At a recent Open Access Futures presentation, speaker Rick Anderson noted that the music industry has moved from selling CDs to selling individual songs and he wondered whether academic journals might do the same. In other words, what if libraries one day stopped subscribing to scholarly journals but instead bought individual articles one at a time, in response to immediate needs by researchers?
As noted elsewhere in this blog, the publication record of Smithsonian scholars includes a growing portion of open access (OA) articles. During 2012, nearly 14% of scientific papers authored by Smithsonian scientists were published in OA journals. This is up from 7% in 2008 and it is expected to grow.
A frequently overlooked service that librarians provide to their users is that of selection for collection development. From the universe of available books, this service determines which should be acquired for a particular collection. Reference and subject-specialist librarians pore over an increasing volume of new book announcements and publisher and dealer catalogs, picking out the best titles that are appropriate for purchase and addition to the collection they manage. But like many more »
One common problem with the Internet is that hyperlinks become outdated without web page editor awareness. Websites change URLs for a host of reasons and unfortunately when third parties link to them users end up encountering “page not found” and other dead-link errors. For this reason, many academic publishers use a system of unique identifiers for their online content to act as permanent links to articles thereby avoiding these errors.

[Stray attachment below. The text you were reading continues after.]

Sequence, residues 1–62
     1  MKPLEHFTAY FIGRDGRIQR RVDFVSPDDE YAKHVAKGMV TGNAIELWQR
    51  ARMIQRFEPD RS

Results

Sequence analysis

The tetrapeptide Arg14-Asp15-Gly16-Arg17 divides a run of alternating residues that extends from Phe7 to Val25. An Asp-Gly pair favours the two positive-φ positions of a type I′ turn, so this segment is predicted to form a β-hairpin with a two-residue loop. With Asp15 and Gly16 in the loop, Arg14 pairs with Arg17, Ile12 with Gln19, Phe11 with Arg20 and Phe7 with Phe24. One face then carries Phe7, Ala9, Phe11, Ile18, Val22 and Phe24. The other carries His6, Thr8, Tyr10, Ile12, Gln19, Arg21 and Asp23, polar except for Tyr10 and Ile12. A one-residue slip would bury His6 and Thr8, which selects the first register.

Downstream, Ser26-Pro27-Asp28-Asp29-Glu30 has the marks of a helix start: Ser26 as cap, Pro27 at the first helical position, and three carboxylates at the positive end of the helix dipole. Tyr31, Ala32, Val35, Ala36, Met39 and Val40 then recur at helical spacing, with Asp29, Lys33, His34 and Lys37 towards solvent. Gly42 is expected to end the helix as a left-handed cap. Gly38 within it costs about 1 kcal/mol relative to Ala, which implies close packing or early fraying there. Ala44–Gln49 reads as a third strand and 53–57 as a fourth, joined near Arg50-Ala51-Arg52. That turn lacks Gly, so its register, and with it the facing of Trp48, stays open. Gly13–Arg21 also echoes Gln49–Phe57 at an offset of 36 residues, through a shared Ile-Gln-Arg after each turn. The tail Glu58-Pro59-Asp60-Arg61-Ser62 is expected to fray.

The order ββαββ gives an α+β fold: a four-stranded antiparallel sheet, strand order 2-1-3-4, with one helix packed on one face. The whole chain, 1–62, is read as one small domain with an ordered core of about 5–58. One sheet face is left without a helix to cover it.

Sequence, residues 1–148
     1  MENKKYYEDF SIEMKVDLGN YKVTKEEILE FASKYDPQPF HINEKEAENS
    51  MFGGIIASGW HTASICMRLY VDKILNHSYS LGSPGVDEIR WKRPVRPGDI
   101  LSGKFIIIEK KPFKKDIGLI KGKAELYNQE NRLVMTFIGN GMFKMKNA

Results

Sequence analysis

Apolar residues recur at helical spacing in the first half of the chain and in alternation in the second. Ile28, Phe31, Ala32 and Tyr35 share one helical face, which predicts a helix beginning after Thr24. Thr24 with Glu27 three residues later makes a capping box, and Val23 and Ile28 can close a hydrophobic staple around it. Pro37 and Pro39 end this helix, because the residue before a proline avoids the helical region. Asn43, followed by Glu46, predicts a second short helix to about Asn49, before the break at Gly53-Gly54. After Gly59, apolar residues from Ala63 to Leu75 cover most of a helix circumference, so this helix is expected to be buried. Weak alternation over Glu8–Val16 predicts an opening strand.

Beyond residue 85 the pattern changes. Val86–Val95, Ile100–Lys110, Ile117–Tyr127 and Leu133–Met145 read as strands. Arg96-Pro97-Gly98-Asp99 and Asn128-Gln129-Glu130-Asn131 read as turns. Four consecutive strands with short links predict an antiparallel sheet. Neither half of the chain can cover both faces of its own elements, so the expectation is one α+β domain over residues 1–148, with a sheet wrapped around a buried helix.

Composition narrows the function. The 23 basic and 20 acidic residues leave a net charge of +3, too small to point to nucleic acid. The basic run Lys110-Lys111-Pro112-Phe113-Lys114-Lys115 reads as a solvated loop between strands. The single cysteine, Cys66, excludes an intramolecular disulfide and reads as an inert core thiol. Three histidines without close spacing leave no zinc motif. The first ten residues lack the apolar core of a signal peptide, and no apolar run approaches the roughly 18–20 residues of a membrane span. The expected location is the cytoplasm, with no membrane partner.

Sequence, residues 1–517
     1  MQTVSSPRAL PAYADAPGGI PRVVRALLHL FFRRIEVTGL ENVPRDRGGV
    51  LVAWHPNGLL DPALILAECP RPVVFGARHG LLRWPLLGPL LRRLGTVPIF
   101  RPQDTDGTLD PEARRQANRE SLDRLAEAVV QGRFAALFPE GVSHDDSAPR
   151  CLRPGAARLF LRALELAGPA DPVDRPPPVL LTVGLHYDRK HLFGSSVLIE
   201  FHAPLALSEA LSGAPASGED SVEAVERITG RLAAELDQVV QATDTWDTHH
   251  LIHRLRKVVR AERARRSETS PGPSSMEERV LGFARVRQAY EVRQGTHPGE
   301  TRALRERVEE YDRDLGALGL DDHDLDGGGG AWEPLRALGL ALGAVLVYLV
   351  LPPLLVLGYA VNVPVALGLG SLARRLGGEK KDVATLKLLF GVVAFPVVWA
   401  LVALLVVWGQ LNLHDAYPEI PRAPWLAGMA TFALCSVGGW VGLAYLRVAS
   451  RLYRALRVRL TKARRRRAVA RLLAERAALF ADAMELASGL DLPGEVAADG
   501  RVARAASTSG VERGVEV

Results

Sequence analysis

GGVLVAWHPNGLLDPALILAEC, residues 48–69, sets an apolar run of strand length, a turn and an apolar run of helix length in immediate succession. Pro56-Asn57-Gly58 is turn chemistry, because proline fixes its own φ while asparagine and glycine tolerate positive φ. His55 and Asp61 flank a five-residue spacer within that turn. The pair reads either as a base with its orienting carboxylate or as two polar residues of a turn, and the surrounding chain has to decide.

The open access (OA) movement has a lot of moving parts. For example it has led some research funding agencies to mandate that research publications resulting from grants should be made publicly available. A recent memo from the White House Office of Science and Technology Policy requires federal science agencies to prepare a policy for making the published results of scientific research available to the public. The Smithsonian Institution is now working to formalize its policy.
Several years ago the National Museum of Natural History hosted a visitor from Science magazine who gave a presentation for authors on strategies for getting published in that journal which boasts a low 7% acceptance rate. The session contained some helpful tips and the speaker ended his talk with some humor by speculating (somewhat facetiously, perhaps) on the top 10 future trends in scientific publishing. Referring to the recent growth in co-authorship, one of his “predictions” was that someday the list of co-authors for an article would exceed the length of the article itself. While that may have seemed amusing, few realized that within a short time the Smithsonian Research Online (SRO) database of scholarly publications would add an article which includes over 3000 co-authors and approximately the same number of words in the article’s body of text.
The evaluation of research quality is a task which is attracting attention as the world turns more and more to evidence-based decision making. The work of scientists and historians are regularly reviewed by institutional administrators to ensure a high quality of scholarship and to determine where to deploy scarce resources. One of the most relied-upon components of research assessment is the review of publications authored by a particular scholar. And although publications are difficult to objectively evaluate, the standard method for many years was to use the journal impact factor. This method measured the number of times the articles from a particular journal were subsequently cited by other publications, for which a numeric score was assigned to the journal. It soon became prestigious for scholars to have their papers published in a journal with a high impact factor.